As you can imagine, the organization’s decision to redact Anderson’s title solely based on her scrub attire did not go over so well with um, anyone. Nurses and fans everywhere expressed outrage that the organization would strip a well-deserving runner of her record and promote an outdated dress code rooted in historical sexism. 

“As a member of a group who earned and broke two New World Records with my fellow IHS alumni in 2018, I'm ashamed to see that the Guinness World Records holds to such outdated standards,” wrote one disgusted commenter in response. “I challenge this organization to set a better example for the Next Generation strong women and our future leaders. I strongly urge you to honor this nurse's accomplishment and leave the sexism in the past where it belongs.”

In support of Anderson, who shared her own photo of her world-record winning run in her scrubs, nurses shared their own images wearing their real work uniforms with the hashtag #WhatNursesWear

Soldiers posted pics of themselves in full uniform, pointing out, sarcastically, that dresses may not be the most practical choice for them to do their jobs. “I save no matter the uniform I'm wearing,” wrote another proud nurse. “On duty or day off. I'm a proud professional nurse.#whatnurseswear” 

Changing the Rules and the Record at Guinness World Records 

Thankfully, for everyone involved, the official people that make Guinness World Records had a change of heart and released a press statement on Monday, May 7th, explaining that they had changed their position and would be acknowledging Anderson’s title: 

“Over the weekend it has become quite clear to Guinness World Records that our guidelines for the fastest marathon wearing a nurse’s uniform was outdated, incorrect and reflected a stereotype we do not in any way wish to perpetuate,” the statement reads. “Having received the official timings from London Marathon this morning we are pleased to award Jessica with the Guinness World Records title for the fastest marathon wearing a nurse’s uniform for her attempt on Sunday 28 April (3 hours, 8 minutes and 22 seconds), and have notified her as such.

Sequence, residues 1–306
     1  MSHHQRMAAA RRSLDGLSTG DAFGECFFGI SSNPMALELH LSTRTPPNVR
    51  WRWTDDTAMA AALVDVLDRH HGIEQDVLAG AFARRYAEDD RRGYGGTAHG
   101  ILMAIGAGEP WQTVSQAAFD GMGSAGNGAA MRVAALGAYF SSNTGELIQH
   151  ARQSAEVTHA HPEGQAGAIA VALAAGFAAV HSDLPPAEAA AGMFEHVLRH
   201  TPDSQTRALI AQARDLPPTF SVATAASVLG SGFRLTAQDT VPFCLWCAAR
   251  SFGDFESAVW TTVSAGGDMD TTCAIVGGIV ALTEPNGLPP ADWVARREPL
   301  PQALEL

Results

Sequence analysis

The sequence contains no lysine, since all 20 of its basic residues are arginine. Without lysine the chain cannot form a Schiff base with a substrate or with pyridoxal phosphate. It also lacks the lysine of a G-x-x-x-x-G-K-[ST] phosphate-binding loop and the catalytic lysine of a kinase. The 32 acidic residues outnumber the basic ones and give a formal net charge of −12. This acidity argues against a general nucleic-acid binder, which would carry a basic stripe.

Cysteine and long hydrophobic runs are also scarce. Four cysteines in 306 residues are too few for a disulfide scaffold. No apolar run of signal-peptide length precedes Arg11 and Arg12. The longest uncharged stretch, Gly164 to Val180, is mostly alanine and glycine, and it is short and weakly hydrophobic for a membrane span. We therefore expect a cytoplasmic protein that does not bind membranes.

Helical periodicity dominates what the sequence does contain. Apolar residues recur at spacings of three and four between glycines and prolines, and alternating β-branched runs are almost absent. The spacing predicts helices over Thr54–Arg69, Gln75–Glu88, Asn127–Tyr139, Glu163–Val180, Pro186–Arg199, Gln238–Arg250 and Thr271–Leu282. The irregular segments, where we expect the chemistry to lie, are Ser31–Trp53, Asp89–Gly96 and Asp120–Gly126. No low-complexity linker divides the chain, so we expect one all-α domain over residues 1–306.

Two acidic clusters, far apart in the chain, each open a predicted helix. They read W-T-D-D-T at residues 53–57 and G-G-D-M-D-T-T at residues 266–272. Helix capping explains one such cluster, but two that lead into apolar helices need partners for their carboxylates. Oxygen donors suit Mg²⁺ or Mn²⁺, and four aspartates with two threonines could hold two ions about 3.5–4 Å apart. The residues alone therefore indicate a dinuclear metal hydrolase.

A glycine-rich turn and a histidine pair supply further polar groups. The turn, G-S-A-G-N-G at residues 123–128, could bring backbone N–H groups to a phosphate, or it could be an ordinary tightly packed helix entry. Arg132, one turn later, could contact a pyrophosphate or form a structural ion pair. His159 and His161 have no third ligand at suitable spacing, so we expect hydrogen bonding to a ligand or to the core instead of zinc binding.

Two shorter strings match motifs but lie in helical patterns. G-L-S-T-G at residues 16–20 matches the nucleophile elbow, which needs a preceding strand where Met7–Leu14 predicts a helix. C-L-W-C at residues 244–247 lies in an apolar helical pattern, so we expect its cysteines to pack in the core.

"I want to take this opportunity to reassure everybody concerned that Guinness World Records is absolutely committed to ensuring we uphold the highest standards of equality and inclusiveness. Therefore, we unreservedly apologize and accept full responsibility for the mishandling of Jessica Anderson’s application.”  

Additionally, the powers-that-be also vowed to update their guidelines to actually reflect the real work uniforms worn by nurses in the UK and around the world.

Anderson’s story is proof of several things, including 

1) nurses are literal game-changers 

2) scrubs are so awesome, you can save lives or run marathons in them. 

Image via Instagram 

And if you ask us, Anderson always held the record in our books. Because as the saying goes, a nurse is a nurse, no matter what she or he wears. 

Or something like that.